Speaking of sports, as I've been doing this week, today I went to the PGA's Accenture Match Play Opening Round at the Ritz Carlton Dove Mountain just north of Tucson in Marana.
I give Marana a shout-out because their police officers were patrolling the area around the clubhouse and the corporate tents (have to watch out for those tipsy business types) in long pants, long sleeves and protective vests (they couldn't all be the same kind of chubby, now could they?!?). To those of you in real winter let me remind you that here in the desert southwest we've been enjoying clear blue skies and temperatures in the 70's for the last week or so. I was warm in shorts and a polo shirt; those peace officers must have been broiling. So, thanks, Marana, for keeping us safe this afternoon.
Miss Marjorie and I joined the queue for the shuttle buses from the non-VIP parking lot at 9:15am. An hour later, we were deposited at the Clubhouse and were able to walk right in. We're still not sure why the screening process at the parking lot took so long, but any annoyance we felt was vanquished by the setting and the greetings and the ease of the viewing.
Without Tiger or Phil, there weren't very many people in attendance so we could walk right up to the ropes separating the greens and fairways from the spectators. Not being a golfer, everything was new to me. Miss Marjorie was a patient explicator (one of her many talents) and her delight in being 5' from Retief Goosen was contagious. I started to look for stars (okay, for names I recognized) and there were Els and Garcia and Sabbatini (throwing his club - what a brat) and Furyk and Kim and that was enough. We strolled and chatted with the Conquistadores about volunteering at the event and the weather and how much we all love Tucson.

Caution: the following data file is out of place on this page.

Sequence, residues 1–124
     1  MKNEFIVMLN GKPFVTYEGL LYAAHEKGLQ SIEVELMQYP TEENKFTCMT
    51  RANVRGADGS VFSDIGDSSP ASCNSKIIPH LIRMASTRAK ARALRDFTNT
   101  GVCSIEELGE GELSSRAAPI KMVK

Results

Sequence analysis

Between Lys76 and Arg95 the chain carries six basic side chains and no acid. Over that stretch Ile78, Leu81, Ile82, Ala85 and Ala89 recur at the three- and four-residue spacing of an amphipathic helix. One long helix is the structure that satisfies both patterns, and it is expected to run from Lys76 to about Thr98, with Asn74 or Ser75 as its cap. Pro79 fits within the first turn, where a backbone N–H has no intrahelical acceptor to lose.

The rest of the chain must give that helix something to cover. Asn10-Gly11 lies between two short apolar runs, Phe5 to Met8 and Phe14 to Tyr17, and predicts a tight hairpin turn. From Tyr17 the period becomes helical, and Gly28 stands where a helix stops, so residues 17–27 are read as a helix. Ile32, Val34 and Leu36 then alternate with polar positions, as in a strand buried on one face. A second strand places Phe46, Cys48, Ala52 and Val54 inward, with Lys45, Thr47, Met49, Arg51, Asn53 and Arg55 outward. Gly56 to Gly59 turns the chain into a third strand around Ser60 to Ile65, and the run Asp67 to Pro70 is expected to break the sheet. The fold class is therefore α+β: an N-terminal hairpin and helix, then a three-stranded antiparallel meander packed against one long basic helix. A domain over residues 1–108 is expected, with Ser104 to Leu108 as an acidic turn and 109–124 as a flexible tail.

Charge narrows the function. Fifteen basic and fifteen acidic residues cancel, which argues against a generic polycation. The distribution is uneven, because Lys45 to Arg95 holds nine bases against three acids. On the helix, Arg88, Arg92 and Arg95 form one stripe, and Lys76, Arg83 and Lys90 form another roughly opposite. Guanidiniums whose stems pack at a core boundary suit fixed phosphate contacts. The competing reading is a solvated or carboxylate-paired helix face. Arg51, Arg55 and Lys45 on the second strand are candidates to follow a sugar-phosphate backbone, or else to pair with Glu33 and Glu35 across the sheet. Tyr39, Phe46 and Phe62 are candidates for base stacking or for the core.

And ultimately, that's what it was all about for me - a love fest for my new home town. Golf is boring, though I now have a greater appreciation for the skills required to send that dimpled sphere sailing through the air only to have it land on an undulating surface. TBG's been telling me for years that the balls don't land on the flat ground; today I saw what he meant. Some of this terrain was serious mini-golf-land.
The concession stands were line-less-ly serving up Nathan's hot dogs with a smile, and for $9.50 we filled our bellies and had 2 quarters left for the Mountain View High School Safe Grad Night donation jar on the counter. Though cameras and cell phones and bags larger than 6"x6"x6" were banned, water bottles were allowed. Properly hydrated by our own foresight and planning, we continued strolling, trying to find the back 9.
Eventually, we'd covered the entire course, seeing way too much of Stewart Cink and not enough of players sinking their first putts. While we never seemed to be at the hole from which the cheering was emanating it really didn't matter. The sun was out and we were smiling. The grass was fantastic - long and thick and uniformly green with individual plugs easily visible when the blades were pushed to the side (yes, I'm more of a gardener than a golfer...) - and the saguaros were plumped up from last week's rain.
There was a certain well-bred, well-fed, well-endowed smugness to the whole scene. I wonder if the crowd would have been composed differently had Tiger played? Not larger; that's a given. But there was a notable same-ness to the faces and the outfits amongst the spectators which might look more colorful had Eldrick been there.
In a way, it felt like a throwback to an easier earlier time in America..... and, I can't deny it, it was really really nice.